Dudleya traskiae (Santa
Barbara Island Liveforever
Latin name: Dudleya ("DUD-lee-ah")
Common name: Liveforever, Bluff Lettuce
Originally from: Southwestern North America
Blooms: Spring brings stalks of small star-shaped flowers in yellow and orange shades.
Light: Full sun, part shade
Water: Rain is plenty. No summer water!
Where to find in P. Garden: The cactus wall has several species along the edge. We have a lovely big Dudleya pulverulenta (Chalk Liveforever) all ghostly white. We also have Dudleya farinosa, quite a few Dudleya cymosa (Canyon Liveforever) and a group of Dudleya traskiae (Santa Barbara Island Liveforever). We have three tiny, whitish Dudleya virens ssp. hassei (Catalina Island Liveforever) too.

Dudleya virens ssp. hassei
(Catalina Island Liveforever)
They get their common name "Liveforever" from the fact that they live quite a long time. Which is not forever, per se, and actually probably more like 15-20 years, but it can seem like it when you're waiting for them to grow to a large and impressive size (some up to 2' across, and witha  trunk up to 2' long!)

They hate to be soggy, so Dudleya should be planted at an angle. This prevents water from being trapped in the leaves, which causes rotting. They can also suffer from mealybugs but a good systemic insecticide with imidacloprid or the like with sort them out.

Dudleya farinosa
(Bluff Lettuce)
Biochemical factoid: Plants in this family have a specialized form of metabolizing - Crassulacean Acid Metabolism (CAM), a photosynthetic adaptation to high light, low moisture environments.

The stomates (pores) on the leaves of this plant open at night to allow the accumulation of carbon dioxide in the form of an organic acid. The stomates then close during the day when the stored carbon dioxide is used for photosynthesis. Everybody got that?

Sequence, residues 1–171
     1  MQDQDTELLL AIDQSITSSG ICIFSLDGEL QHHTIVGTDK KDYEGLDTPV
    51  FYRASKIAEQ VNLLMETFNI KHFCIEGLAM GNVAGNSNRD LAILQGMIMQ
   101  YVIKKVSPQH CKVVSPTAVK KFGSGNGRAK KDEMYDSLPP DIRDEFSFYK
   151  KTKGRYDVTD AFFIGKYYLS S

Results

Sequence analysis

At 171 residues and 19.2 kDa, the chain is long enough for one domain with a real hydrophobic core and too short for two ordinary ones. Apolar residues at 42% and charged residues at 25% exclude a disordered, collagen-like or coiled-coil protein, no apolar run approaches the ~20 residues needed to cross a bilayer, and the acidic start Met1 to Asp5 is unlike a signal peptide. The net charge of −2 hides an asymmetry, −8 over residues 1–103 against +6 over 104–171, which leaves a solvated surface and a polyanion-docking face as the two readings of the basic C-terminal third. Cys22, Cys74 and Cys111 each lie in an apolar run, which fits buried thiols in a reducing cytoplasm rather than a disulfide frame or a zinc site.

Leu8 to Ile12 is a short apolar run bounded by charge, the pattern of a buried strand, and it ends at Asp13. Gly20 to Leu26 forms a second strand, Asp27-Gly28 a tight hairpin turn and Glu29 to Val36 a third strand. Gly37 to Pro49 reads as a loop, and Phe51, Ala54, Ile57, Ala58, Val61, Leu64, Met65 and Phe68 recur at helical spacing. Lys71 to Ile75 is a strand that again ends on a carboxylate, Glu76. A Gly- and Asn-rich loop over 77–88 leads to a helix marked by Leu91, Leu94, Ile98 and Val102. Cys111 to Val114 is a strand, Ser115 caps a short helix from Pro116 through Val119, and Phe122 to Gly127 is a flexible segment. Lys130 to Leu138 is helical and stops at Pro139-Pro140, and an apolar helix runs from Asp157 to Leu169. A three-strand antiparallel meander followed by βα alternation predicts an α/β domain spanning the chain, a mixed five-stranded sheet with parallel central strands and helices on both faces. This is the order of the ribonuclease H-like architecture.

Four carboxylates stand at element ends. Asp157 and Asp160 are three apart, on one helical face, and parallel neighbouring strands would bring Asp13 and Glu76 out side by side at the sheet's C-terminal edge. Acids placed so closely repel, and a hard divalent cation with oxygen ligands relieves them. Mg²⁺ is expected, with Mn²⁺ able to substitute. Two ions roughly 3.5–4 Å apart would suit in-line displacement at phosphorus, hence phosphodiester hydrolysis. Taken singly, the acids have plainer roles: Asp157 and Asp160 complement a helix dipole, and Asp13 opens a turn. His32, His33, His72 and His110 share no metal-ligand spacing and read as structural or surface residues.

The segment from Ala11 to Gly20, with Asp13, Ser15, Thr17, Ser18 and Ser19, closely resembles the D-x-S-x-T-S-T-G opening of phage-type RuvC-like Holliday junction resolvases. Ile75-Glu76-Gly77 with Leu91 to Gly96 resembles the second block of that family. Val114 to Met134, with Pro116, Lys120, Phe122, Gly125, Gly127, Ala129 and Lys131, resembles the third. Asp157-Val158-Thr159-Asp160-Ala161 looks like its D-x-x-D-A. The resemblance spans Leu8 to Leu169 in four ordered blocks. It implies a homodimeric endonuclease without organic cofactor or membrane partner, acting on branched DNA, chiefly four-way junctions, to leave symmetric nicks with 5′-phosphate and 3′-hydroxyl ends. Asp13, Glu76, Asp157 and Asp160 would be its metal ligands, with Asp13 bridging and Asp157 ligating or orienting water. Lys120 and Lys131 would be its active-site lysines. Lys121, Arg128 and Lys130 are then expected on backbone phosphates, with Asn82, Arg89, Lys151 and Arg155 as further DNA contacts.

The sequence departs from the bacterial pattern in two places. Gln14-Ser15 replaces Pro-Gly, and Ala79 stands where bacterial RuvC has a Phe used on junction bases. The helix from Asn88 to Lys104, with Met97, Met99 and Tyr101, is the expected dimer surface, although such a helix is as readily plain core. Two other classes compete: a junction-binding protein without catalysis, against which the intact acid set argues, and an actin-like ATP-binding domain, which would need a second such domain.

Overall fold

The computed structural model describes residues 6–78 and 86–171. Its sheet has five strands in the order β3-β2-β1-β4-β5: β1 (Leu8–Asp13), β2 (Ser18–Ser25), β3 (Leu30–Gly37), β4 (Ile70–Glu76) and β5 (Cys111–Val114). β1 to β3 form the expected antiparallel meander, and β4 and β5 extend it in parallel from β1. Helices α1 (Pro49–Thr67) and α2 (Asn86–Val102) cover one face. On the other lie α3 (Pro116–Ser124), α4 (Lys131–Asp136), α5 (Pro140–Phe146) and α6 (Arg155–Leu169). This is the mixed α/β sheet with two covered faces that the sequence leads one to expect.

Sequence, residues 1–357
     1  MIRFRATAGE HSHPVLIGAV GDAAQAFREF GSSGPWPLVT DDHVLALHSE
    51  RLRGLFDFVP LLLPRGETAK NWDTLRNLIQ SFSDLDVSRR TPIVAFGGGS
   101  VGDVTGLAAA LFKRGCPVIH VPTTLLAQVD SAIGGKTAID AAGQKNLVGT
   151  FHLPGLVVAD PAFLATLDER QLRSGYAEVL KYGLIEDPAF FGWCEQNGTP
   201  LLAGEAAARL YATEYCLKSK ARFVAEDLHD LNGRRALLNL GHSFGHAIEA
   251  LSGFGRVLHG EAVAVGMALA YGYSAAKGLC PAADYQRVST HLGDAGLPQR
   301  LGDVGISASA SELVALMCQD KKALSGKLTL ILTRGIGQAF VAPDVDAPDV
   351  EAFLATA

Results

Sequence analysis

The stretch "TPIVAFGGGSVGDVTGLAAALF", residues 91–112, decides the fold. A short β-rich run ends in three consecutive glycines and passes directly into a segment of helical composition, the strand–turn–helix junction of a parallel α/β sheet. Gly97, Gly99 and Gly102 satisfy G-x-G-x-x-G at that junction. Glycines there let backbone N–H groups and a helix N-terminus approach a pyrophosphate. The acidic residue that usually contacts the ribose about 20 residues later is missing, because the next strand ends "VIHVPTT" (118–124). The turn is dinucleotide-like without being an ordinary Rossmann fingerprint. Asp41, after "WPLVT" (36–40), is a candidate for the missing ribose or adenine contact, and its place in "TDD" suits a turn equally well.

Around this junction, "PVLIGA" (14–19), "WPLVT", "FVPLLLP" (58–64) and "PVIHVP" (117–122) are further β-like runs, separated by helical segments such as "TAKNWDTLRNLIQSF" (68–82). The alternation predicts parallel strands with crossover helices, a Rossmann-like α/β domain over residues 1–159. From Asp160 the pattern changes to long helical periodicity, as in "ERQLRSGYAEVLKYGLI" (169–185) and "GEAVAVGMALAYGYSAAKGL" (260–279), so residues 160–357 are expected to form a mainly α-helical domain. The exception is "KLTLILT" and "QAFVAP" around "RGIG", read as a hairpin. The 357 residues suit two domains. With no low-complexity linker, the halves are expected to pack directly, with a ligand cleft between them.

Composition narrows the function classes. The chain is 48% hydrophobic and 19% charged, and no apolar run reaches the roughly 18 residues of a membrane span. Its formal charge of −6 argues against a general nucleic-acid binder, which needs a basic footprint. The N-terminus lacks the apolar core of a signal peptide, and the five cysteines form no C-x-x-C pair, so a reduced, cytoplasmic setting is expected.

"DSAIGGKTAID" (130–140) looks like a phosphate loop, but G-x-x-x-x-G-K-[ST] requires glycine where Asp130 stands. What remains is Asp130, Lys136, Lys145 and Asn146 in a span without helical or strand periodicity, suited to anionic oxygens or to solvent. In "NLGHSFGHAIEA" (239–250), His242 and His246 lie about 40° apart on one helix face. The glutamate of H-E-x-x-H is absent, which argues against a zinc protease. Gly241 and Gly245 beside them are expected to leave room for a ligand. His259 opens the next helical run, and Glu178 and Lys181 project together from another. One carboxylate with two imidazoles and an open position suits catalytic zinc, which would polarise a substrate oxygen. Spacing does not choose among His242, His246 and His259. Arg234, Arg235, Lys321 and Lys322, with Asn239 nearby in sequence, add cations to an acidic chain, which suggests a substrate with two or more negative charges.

February update

Last November we received word that the grants we worked so hard to apply for in July had been announced, and we'd received a total of $85k from the PUC and Community Challenge Grants.

Following several meetings with the PUC and a great deal of additional evidence which was requested from us to justify our need for the supportive structure, last week the PUC have however, applied additional conditions to the spending of their grant monies. Basically, they cannot fund the supportive structure. This critical element in reducing crime and creating community space on the street is also the most costly element in the entire project - we were lucky to get a quote for "just" $60k for this.

As a result we are currently $15k short of the funds needed to complete the project. We will be looking for additional sources of grant income to fill the budget and welcome your suggestions and help with how to get the $15k from you all.

In the meantime we're grateful for the continued strong support of DPW and SFPT who have continually shown their approval of our plan to the CCG and PUC, and have encouraged us along the way. We're looking forward to meeting with Mohammed Nuru (Deputy Director of DPW) to discuss our plans and fine tune the details.

Once again anyone interested in being part of the process is always welcome to contact us and join in: as some of you know this has been a significant amount of work that has fallen mainly to a very small group. If anyone is interested in getting involved, please send us an email. In particular we need help with fundraising and grant writing, quotes and suppliers, meeting with members of the granting bodies, writing narratives, briefs and project descriptions, laying out and printing materials.
page counter
Free Hit Counter